The beginning of the end
A formal complaint followed as MediaPro revealed its plans for the distribution of fixtures. A range of channels devoted to Italian soccer was mooted, with further distribution and streaming of content across multiple platforms.
Roures said: “This system does not work if we and all the platforms do not work together. We aim to create an immediately recognisable Serie A brand so we will try to convince everyone that it is important to give the same image to the whole tournament.”
The court interpreted the situation in the same way as Sky Italia had done
MediaPro’s tender with Serie A was subsequently suspended on 16th April, before Judge Claudio Marangoni at the Court of Milan ordered that the agreement be cancelled and reformulated, ruling that the deal breached antitrust rules.
Marangoni sided with Sky, stating that the nature of MediaPro’s offer possessed what he described as “a form of editorial responsibility”, placing it “outside the sphere of activity of the independent intermediary.”
Sky praised the judge’s interpretation of the law and offering to step in with “an important offer that can give certainty to all fans and at the same time guarantee the future of the clubs and the whole football system.”
Meanwhile, MediaPro defended its own actions, accusing Sky of acting out of fear for its own place in the Italian soccer market and suggesting that the legal decision reflected a favourable attitude towards Sky as a satellite broadcaster.
It said: “MediaPro regrets that Sky’s fear of losing its controlling position in the rights market is causing concern among the professional football sector in Italy. The situation is not of MediaPro’s making.”
MediaPro suggested that Sky had reacted out of fear at losing its grasp on the Italian soccer market
On 29th May, the decision to officially terminate the rights deal between Lega Serie A and MediaPro Group was rubberstamped. It was an inevitable conclusion to a deal that – from its very outset – was viewed in some quarters with concern and derision.
A meeting of all 20 Serie A clubs unanimously confirmed the parting despite an appeal from the Spanish agency.
What does this all mean for DAZN?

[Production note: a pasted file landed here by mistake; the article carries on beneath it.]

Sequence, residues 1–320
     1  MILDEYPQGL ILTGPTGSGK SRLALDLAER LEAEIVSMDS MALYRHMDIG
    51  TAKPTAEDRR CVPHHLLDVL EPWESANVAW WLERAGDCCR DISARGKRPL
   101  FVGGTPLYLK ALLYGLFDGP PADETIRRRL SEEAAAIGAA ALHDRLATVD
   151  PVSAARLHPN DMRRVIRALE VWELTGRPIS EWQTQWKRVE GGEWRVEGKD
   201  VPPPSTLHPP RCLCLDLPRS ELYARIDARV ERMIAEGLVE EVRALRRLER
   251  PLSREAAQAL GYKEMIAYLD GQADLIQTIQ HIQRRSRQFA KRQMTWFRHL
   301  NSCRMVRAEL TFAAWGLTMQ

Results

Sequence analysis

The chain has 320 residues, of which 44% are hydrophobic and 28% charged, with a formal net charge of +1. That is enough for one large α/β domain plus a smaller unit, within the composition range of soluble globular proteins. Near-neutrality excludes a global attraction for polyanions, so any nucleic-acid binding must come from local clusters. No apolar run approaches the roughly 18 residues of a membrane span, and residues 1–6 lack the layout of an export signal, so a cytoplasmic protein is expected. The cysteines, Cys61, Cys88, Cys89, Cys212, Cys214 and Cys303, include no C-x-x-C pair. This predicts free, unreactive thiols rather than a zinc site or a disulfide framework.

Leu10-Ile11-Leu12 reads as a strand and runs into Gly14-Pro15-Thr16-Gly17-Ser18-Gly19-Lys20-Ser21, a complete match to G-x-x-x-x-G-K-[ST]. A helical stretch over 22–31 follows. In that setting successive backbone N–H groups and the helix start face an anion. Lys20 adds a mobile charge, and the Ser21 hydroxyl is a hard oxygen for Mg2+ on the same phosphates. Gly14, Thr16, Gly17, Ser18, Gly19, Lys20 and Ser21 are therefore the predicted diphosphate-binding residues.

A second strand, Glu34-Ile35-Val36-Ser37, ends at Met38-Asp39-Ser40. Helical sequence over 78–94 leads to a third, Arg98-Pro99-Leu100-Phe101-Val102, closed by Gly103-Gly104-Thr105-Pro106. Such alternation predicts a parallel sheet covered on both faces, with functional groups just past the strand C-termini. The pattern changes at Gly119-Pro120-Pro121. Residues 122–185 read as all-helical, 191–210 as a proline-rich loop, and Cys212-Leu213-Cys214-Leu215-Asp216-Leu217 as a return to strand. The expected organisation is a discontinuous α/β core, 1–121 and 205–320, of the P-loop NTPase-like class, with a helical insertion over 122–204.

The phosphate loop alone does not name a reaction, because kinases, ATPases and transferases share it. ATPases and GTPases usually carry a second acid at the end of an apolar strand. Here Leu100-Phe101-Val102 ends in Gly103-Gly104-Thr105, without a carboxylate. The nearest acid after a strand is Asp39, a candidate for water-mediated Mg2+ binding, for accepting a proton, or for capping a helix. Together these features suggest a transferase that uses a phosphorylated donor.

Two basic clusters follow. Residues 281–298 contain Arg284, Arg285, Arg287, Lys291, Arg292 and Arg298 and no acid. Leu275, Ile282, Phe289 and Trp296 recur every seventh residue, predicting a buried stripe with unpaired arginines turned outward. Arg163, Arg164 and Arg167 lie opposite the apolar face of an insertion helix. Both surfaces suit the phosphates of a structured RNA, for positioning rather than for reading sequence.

If that particular episode is now in the past, with Sky and Perform now in possession of this next three-year cycle, what the future brings might even be more intriguing.
The Silvio Berlusconi-founded Mediaset, who held a portion of the previous set of rights, has stated that it will “seek retransmission rights immediately”, having lost out both to MediaPro and in the renegotiated deal to Sky and Perform.
Perform’s live and on-demand streaming service, DAZN, will expand into Italy for what is an entirely new experience both for Perform and for Italian soccer. Under the terms of Perform’s deal, DAZN will exclusively show the Saturday night fixture, Sunday matches at 12:30pm and 3pm, as well as games in each midweek round and highlights from all other games.
Matches shown on DAZN will be available across smart TVs, PCs, smartphones, tablets and games consoles. DAZN will allow all fans a one-month free trial of the service before a €9.99 per month subscriptions kicks in.
“DAZN is the world’s first pure sport OTT offer, which will do for sport what Netflix did for TV and what Spotify did for music”
“Since launching almost two years ago, we have disrupted the industry in multiple markets as we change the way the world sees sport,” said James Rushton, DAZN chief executive.
Adding: “DAZN is the world’s first pure sport OTT offer, which will do for sport what Netflix did for TV and what Spotify did for music.”
Given how we got to this point, Serie A does not need any more ‘disruption’ of its media output, at least from a delivery standpoint. With the Italian league's bold move into OTT followed by a series of high-profile streaming pitfalls for Optus at the World Cup, Lega Serie A will be hoping the ride is smoother from here on in.